Hong Kong Education Bureau urged to be more transparent with handling complaints against teachers
- Opinion is divided over a teacher’s deregistration for creating a lesson plan that touched on Hong Kong independence
- But criticism is coming from both sides of the political spectrum over how the bureau carries out its investigations into teachers
While opinions were split on the teacher’s deregistration for life, the bureau faced a chorus of criticism for its approach on Wednesday, a day after high-ranking education officials met the press to explain their decision.
Both former chief executive Leung Chun-ying and opposition lawmaker Ip Kin-yuen, of the education sector, argued for a formal hearing mechanism for teachers facing investigation, saying it would improve openness and give them a fairer chance to respond in person.
Tang Fei, vice-chairman of the pro-establishment Hong Kong Federation of Education Workers, urged the authorities to make public their protocols and details involved in deregistering the unnamed teacher, for the benefit of others in the future.
Officials on Tuesday revealed they had removed the teacher from the professional register in September after concluding a lesson plan he devised was aimed at spreading pro-independence messages to Primary Five classes at the private Alliance Primary School in Kowloon Tong.
The unnamed educator has since left the school, where the principal, vice-principal and three more teachers were also given either a reprimand or warning letter over the lessons.
Towards the end of the lesson, they said, pupils would then be asked if they agreed with the party’s stance. The classes also covered independence for Taiwan, Xinjiang and Tibet, all highly sensitive issues for Beijing.
But critics argued that the teacher, while given two chances to submit written replies, was not allowed to personally meet with officials to explain himself, likening it to a “black box operation”.
Hong Kong’s No 2 official, Chief Secretary Matthew Cheung Kin-chung, backed the bureau’s decision on Wednesday, saying it acted correctly as “a gatekeeper to make a decisive determination based on the law, evidence and reasons”.
A bureau spokesman said that under the current mechanism, the school concerned would submit a report following its investigation into a teacher. If the bureau found strong evidence against the person, it would invite him or her to reply in writing, he said. If the bureau decided the case was so serious it would possibly warrant a deregistration, it would allow the teacher a second chance to submit a written reply.
Speaking on a radio show, Ip, who is helping with the teacher’s appeal, said they were in unchartered territory because such an incident had never happened before, and there were no set procedures available for teachers to follow.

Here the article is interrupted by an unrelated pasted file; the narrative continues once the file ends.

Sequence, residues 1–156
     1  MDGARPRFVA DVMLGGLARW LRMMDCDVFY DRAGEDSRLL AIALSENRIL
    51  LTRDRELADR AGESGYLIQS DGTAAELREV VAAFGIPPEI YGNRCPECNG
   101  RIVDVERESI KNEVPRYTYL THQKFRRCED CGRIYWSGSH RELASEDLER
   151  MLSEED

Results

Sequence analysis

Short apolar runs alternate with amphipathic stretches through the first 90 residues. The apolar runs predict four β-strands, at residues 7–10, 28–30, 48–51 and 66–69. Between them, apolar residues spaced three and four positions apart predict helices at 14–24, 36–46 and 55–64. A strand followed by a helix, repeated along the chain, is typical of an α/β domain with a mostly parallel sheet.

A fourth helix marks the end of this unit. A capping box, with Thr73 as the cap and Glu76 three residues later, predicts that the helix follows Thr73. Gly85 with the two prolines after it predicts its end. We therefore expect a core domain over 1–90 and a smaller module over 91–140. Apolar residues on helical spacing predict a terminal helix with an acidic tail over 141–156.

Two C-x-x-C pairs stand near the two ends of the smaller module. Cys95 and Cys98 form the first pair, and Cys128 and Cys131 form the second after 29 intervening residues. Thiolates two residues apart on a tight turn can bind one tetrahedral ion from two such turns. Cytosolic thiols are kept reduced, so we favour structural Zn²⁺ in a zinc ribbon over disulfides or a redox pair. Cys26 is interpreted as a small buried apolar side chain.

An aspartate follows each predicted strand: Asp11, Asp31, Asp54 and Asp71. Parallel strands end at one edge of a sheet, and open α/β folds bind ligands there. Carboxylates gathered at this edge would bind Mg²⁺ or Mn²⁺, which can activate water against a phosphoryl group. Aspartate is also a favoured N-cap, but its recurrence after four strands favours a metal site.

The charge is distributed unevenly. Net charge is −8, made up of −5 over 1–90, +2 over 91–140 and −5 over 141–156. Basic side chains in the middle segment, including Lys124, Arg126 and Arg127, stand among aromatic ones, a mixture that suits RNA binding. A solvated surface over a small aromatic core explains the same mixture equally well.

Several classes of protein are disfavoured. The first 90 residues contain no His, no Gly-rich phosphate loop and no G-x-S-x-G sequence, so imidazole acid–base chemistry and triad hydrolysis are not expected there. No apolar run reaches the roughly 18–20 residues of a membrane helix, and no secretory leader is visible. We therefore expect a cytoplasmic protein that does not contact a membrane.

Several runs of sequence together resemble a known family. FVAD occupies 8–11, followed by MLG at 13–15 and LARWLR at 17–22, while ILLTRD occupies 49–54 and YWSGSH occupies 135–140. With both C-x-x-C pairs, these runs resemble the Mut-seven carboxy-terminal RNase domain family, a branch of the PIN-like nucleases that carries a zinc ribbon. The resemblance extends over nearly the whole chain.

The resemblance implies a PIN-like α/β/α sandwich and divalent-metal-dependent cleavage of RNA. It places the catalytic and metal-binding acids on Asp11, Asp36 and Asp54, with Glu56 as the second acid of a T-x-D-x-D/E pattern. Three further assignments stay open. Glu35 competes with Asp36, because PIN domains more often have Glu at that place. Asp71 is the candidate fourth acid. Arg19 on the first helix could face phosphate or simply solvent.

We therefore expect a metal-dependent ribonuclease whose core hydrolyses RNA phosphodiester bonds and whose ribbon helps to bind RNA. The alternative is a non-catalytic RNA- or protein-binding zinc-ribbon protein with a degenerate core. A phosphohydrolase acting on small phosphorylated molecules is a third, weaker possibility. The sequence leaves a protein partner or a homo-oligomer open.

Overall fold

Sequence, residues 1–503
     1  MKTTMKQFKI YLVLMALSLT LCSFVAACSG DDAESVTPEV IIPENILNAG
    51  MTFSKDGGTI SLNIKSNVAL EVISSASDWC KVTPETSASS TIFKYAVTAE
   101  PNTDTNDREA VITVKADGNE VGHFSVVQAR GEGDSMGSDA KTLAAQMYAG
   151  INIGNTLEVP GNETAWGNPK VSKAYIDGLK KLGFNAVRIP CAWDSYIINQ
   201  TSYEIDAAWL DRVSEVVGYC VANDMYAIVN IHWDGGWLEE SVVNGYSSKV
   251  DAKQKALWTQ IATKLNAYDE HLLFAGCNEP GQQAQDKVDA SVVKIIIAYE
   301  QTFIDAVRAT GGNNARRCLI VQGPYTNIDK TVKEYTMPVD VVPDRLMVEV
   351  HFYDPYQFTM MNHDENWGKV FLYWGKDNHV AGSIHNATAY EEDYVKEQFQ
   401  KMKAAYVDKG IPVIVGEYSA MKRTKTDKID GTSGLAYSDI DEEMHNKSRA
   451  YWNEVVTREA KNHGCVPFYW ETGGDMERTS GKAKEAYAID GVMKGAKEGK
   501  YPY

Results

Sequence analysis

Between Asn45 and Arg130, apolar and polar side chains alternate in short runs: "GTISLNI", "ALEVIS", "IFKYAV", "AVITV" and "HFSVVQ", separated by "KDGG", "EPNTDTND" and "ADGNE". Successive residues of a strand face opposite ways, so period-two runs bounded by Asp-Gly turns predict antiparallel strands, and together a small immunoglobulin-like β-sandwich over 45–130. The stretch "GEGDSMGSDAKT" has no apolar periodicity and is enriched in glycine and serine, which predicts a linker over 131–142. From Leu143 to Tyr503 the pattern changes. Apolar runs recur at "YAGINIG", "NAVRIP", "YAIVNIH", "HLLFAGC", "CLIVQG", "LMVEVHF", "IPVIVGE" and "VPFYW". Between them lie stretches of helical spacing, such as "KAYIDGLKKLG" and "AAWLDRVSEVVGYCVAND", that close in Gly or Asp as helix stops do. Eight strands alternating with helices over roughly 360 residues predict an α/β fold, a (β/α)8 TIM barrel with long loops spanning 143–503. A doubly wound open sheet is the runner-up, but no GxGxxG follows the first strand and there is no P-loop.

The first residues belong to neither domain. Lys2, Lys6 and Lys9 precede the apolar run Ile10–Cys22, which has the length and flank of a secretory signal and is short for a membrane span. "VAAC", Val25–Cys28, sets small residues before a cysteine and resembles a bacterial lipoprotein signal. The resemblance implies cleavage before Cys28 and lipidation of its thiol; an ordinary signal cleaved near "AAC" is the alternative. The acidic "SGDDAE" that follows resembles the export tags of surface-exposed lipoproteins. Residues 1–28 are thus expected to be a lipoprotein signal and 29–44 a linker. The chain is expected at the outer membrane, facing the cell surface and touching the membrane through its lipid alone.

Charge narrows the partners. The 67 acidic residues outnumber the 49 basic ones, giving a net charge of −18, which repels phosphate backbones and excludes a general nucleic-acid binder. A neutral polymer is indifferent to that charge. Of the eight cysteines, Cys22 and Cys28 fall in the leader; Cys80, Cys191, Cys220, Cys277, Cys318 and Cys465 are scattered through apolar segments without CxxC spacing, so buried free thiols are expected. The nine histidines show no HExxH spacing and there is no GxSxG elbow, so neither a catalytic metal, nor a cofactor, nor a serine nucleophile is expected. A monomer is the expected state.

“When you look at other professional sectors, when it comes to deregistering a person, there must be a hearing,” the lawmaker said, adding it was particularly important when the permanent secretary for education had such huge power under the law to delist teachers without having a background in teaching.
Ip said the case appeared to involve some misunderstandings because the officials judged the teacher based on a plan he drafted roughly to communicate with other teachers.
Speaking on the same radio show, Yeung defended his bureau, saying the teacher was not covering the issue of freedom of speech as he claimed but independence. He also said the teacher was given two chances to reply in writing.
But a caller, whose daughter attended the lesson, said she told him it was not about independence. “The lesson was about freedom of speech,” he said.
Meanwhile, in a talk show hosted by pro-establishment lawmaker Elizabeth Quat on Facebook, former chief executive Leung Chun-ying shared some of Ip’s concerns.
Leung cited hearings conducted by the Medical Council, which regulated doctors, as an example.
He said journalists and members of the public were allowed to attend those hearings and were able to know what happened, regardless of the verdict.
“But now the Education Bureau did the investigation behind closed doors and made a decision … Is it going to be fair?” he said.
Leung called for the bureau to disclose the names of all teachers facing complaints arising from the anti-government protests last year, including the one in the present case.
His group 803 Funds Limited, which he founded last year to trace demonstrators involved in criminality, earlier lodged a legal challenge at the High Court after Yeung refused to provide the teachers’ details, as well as the names of their schools. But critics saw the legal action as a political manoeuvre targeting teachers supportive of the protests.
Tan, from the education workers federation, called on the authorities to reveal how they would deal with teachers under such rare circumstances. “It will be important for all the teachers to know what to follow,” he said.
Additional reporting by Zoe Low